Purpose: Virtual reality (VR) during chemotherapy has resulted in an elapsed time compression effect, validating the attention diversion capabilities of VR. Using the framework of the pacemaker-accumulator cognitive model of time perception, this study explored the influence of age, gender, state anxiety, fatigue, and cancer diagnosis in predicting the difference between actual time elapsed during receipt of intravenous chemotherapy while immersed in a VR environment versus patient's retrospective estimates of time elapsed during this treatment.
Materials and methods: This secondary analysis from three studies yielded a pooled sample of N = 137 participants with breast, lung, or colon cancer. Each study employed a crossover design requiring two matched intravenous chemotherapy treatments, with participants randomly assigned to receive VR during one treatment. Regressions modeled the effect of demographic variables, diagnosis, and Piper Fatigue Scale and State Anxiety Inventory scores on the difference between actual and estimated time elapsed during chemotherapy with VR.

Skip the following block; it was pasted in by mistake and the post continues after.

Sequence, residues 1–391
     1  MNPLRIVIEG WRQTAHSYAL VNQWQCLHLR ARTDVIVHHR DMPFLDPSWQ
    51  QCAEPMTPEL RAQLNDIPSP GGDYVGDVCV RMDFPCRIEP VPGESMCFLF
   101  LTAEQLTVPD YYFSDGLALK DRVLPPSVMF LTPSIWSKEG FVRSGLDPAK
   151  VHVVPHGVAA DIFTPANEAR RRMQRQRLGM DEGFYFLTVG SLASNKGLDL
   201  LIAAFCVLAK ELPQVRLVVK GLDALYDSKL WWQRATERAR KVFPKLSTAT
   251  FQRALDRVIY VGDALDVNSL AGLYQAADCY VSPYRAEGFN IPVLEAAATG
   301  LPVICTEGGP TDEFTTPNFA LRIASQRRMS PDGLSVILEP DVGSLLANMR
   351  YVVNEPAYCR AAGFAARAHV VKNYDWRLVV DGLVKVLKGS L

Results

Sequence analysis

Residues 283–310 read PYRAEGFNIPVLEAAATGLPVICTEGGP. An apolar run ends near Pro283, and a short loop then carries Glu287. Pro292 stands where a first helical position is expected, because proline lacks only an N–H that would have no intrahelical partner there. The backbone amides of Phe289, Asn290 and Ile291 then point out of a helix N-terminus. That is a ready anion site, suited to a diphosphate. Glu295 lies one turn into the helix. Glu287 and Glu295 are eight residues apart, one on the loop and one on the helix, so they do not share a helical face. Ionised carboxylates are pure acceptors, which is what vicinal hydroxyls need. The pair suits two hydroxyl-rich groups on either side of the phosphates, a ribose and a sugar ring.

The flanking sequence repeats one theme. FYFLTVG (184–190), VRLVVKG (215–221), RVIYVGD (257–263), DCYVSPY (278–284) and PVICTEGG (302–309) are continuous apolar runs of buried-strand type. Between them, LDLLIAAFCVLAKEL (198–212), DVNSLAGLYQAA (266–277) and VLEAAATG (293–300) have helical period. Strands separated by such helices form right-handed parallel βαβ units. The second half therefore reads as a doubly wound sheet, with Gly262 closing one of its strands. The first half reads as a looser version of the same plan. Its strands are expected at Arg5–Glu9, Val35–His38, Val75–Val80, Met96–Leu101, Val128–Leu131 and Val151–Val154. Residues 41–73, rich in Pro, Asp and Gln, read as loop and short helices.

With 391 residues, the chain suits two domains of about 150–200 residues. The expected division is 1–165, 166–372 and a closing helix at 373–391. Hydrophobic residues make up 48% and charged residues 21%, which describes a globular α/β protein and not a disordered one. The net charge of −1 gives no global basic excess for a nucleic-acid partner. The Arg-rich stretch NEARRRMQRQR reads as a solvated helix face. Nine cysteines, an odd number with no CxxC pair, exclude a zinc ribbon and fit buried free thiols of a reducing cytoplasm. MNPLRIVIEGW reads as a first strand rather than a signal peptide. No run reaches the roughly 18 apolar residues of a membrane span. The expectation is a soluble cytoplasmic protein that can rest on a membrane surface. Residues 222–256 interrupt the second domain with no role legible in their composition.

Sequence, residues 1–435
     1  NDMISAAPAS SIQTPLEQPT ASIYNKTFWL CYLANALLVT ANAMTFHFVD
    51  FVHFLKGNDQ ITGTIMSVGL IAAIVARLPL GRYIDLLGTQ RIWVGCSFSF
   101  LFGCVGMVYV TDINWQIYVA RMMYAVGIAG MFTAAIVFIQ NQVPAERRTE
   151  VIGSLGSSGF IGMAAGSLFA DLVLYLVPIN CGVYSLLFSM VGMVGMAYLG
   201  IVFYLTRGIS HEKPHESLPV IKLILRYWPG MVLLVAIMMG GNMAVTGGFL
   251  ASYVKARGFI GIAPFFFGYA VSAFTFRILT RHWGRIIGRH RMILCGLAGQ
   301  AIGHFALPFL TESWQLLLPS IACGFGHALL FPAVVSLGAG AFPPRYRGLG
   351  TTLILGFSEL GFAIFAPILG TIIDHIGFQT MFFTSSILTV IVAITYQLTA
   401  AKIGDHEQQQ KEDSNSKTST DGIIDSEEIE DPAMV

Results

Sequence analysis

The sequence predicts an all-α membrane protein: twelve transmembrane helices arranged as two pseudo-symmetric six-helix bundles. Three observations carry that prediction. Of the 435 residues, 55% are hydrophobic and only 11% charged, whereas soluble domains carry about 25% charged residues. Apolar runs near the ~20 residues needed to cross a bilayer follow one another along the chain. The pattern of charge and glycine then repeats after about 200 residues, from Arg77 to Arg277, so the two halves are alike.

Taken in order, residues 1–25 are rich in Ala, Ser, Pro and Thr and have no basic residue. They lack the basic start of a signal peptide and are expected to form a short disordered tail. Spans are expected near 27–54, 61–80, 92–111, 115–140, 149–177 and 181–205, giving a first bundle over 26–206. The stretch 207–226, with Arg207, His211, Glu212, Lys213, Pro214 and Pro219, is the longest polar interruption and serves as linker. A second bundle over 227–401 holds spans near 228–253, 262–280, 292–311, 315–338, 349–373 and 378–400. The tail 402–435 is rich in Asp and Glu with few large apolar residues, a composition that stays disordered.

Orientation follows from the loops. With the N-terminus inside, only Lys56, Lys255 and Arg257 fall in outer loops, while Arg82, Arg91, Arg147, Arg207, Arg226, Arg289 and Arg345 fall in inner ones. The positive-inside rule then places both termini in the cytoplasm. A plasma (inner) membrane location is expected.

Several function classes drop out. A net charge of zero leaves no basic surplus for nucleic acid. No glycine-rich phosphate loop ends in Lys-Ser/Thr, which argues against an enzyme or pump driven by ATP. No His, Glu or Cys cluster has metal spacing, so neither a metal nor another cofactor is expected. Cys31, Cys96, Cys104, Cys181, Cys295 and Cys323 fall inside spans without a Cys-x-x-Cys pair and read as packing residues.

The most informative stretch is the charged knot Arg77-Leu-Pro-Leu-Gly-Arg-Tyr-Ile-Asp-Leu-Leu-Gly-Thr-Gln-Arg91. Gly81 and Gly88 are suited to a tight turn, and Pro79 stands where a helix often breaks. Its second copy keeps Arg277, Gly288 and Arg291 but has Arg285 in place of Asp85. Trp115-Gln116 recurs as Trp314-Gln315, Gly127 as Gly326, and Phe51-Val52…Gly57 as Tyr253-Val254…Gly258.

Results: In a forward regression model, three predictors (diagnosis, gender, and anxiety) explained a significant portion of the variability for altered time perception (F=5.06, p = 0.0008). Diagnosis was the strongest predictor; individuals with breast and colon cancer perceived time passed more quickly.
Conclusions: VR is a noninvasive intervention that can make chemotherapy treatments more tolerable. Women with breast cancer are more likely and lung cancer patients less likely to experience altered time perception during VR (a possible indicator of effectiveness for this distraction intervention). Understanding factors that predict responses to interventions can help clinicians tailor coping strategies to meet each patient's needs.